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Hack Reactor Talk

Tales From a Heroku User

Here are some things I have learned along the way.

Last Updated: 2013-02-08

Original Audience: Hack Reactor

About

  • @ryandotsmith
  • Engineer at Heroku for almost 3 years.
  • Programming since university.
  • Studied Math.
  • Built armature radios in junior high.

Things I have worked on

  • The Heroku API
  • Message queues (e.g. queue_classic)
  • Heroku's usage & billing system
  • DNS at Heroku
  • Log delivery and visibility tooling (e.g. l2met, log-shuttle)

Technologies that I spend considerable time with

  • Heroku
  • PostgreSQL
  • Redis
  • Ruby
  • Go
  • UNIX

Heroku

Things Heroku makes trivial:

  • Keeping a process alive.
  • Keeping your data alive.
  • Routing HTTP requests to more than one process.
  • Adding new processes and new apps.
  • SSL Termination.
  • Operating System Maintenance.
  • Log routing.
  • Security.

At one time in our history, everyone made their own electricity.

img

A dynamo that would power a business. The business would employ people to build and maintain the dynamo. Dyanmos were abandoned as they were neither safe or economical. I feel that this is similar to servers and Heroku.

How Heroku works

This is a great time for questions. Stop me at any point and we can take a deep dive into a particular concept or system.

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How to design your app knowing how Heroku works

Stateless & Uncoordinated

  • Processes are distributed
  • Your database might be distributed
  • l2met example

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Web Processes are Precious

  • Handle work in the background
  • worker pattern example

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12 Factor

12factor.net

  • Good for any app
  • Forced if running on Heroku

Workflow

I find that Heroku is most powerful when you learn to embrace the UNIX toolkit.

Config

There are no configuration files. Files are clunky and hard to manage, the unix way of dealing with config is to use the UNIX environment memory.

$ man env

Grabbing the config from your Heroku app.

$ heroku config -s > .env

Loading your config locally.

$ export $(cat .env)

Copying config from one app to another.

$ heroku config:set $(heroku config -s)

Log Analysis

Don't think of your logs as static files. Think of the logs as live streams of your app's health and status.

$ ruby -e '$stdout.puts("at=\"hack-reactor\"")'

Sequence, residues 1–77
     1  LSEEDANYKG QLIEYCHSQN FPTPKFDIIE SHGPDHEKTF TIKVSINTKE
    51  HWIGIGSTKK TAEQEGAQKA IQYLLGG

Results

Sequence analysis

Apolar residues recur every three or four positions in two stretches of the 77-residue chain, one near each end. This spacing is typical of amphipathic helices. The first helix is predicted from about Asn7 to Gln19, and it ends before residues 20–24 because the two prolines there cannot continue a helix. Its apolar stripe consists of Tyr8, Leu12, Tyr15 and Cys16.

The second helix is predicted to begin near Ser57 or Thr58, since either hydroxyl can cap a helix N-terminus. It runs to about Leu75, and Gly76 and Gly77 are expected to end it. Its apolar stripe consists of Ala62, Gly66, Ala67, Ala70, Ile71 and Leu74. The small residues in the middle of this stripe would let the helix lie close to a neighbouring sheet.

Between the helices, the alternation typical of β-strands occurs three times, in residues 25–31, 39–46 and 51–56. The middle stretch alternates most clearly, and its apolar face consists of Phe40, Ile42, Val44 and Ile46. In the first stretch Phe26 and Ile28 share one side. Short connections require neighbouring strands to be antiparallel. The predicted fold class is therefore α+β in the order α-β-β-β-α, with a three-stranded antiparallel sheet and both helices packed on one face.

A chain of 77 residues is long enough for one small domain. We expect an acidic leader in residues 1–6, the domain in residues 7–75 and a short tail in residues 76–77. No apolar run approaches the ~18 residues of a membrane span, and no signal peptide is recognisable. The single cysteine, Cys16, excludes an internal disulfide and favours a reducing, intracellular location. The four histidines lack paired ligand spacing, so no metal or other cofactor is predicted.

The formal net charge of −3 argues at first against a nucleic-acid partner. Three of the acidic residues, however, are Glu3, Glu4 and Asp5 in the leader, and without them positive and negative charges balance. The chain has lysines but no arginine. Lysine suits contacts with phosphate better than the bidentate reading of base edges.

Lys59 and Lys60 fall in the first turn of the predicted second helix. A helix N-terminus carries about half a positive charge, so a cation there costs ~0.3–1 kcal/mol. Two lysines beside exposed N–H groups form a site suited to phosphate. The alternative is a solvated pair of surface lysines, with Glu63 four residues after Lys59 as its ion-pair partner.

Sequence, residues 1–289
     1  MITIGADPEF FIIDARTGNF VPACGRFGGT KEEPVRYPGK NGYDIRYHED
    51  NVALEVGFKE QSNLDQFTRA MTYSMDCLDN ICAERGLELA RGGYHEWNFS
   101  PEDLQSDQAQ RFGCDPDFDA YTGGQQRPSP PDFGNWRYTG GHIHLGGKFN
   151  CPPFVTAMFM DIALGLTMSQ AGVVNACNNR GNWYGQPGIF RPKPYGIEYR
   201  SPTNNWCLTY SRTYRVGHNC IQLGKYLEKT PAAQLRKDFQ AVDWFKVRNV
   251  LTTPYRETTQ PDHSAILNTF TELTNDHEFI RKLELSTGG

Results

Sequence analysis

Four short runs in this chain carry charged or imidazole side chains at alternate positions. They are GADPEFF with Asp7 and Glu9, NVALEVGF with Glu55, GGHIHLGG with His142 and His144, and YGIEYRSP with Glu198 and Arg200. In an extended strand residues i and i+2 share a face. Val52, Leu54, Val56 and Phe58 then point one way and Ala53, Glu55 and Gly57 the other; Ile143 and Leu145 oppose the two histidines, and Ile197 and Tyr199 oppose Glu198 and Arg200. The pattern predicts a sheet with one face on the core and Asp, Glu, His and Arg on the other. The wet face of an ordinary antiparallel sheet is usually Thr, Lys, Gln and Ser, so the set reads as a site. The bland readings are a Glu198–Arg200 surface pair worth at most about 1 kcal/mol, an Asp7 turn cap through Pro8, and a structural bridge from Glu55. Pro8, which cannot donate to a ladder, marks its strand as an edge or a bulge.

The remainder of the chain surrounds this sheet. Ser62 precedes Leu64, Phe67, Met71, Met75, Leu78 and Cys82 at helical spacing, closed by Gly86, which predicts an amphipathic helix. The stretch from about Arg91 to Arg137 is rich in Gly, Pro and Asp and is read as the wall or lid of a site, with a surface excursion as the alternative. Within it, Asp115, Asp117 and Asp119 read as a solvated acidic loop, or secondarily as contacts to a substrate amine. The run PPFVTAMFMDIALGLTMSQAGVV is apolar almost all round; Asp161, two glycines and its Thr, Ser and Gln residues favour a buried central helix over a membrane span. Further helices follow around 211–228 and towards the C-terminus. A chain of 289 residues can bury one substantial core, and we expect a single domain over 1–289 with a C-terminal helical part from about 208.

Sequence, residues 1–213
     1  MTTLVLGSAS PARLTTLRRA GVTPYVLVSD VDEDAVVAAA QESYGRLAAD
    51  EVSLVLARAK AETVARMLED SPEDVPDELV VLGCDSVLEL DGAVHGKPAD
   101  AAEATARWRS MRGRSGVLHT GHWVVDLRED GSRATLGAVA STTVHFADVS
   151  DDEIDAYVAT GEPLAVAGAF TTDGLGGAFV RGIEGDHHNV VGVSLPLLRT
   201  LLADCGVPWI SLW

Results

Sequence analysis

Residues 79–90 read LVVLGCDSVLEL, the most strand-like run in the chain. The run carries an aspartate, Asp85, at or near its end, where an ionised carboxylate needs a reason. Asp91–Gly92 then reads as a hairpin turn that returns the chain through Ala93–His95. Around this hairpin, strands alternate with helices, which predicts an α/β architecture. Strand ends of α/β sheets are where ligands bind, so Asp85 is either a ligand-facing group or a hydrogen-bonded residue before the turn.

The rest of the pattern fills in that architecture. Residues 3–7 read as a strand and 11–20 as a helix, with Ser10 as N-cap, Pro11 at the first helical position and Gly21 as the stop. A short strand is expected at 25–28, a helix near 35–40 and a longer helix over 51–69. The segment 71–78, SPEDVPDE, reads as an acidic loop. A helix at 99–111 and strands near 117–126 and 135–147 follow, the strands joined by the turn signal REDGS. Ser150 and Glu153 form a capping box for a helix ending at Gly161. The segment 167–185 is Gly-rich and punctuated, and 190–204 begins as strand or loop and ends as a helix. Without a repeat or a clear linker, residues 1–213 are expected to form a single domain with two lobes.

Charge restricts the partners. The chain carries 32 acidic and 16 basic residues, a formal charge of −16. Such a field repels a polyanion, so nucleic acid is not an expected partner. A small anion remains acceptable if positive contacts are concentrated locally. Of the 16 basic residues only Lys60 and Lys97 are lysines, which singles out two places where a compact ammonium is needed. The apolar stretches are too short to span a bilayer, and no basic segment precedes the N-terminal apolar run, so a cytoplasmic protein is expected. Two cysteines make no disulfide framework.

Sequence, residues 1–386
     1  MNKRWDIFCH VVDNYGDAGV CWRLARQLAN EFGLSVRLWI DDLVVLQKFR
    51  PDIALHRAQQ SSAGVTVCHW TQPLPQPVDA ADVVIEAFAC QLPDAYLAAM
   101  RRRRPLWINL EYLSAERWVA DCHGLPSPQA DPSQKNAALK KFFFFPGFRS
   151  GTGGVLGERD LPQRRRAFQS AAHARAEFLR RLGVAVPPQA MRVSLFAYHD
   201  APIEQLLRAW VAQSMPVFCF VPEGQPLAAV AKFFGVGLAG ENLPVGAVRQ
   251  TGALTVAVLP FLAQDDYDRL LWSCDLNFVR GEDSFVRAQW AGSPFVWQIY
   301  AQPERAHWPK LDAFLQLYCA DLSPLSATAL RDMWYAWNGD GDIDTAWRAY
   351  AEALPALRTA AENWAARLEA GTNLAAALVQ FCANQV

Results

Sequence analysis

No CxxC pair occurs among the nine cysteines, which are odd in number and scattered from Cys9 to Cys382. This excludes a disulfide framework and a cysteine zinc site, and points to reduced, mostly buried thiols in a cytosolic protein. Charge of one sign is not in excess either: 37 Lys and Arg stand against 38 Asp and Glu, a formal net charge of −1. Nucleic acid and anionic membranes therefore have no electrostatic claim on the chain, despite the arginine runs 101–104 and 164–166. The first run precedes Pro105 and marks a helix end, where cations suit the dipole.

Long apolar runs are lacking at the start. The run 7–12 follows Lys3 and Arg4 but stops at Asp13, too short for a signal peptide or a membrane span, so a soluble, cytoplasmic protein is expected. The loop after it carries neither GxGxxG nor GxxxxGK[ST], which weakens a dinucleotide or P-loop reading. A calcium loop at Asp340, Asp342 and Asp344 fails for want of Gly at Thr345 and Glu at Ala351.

Counting the number of HTTP requests per second.

$ heroku logs -t -p router | pv -lr >/dev/null

Sampling your response times.

$ heroku logs -t -p router | awk '{print $10,$11,$12}'

Using tools like log-shuttle and l2met we can build charts of system metrics.

img

Interacting with your database

A database provided by the Heroku addons catalog is just a database. With Heroku Postgresql, you can use standard UNIX tools to interact with it.

Connecting to your database.

$ export url=`heroku config -s | grep "DATABASE_URL" | sed 's/DATABASE_URL=//'`
$ psql $url

Using your editor to build queries.

$ export EDITOR=vi
$ psql $url
database - \e

Similar feature available in bash.

$ echo 'hello world' | grep 'hello' | sed 's/hello/bye'
$ fc

Writing query results to your local filesystem.

$ echo 'select 1 \g out.txt' | psql $url
$ cat out.txt

Getting Real

It is clear that Heroku is the best place to develop your application, but it is also a great place to run and scale your application. A couple of things to keep in mind when you grow your traffic and your uptime.

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  • Choose the right ratio of work between your process and your database.
  • Loading functions in your database is OK. Be aware that it won't scale horizontally.
  • Scaling horizontall can help increase throughput when your latencies are high.
  • Think about latency vs. throughput and how to balance the two.

Maximizing the uptime of your Heroku app

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@pvh
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pvh commented Feb 11, 2013

Scaling a database's reads is pretty easy - just rack on a follower or three. It's scaling writes that's difficult. On the other hand, if you're doing more writes than a Mecha can handle you're in pretty rare company.

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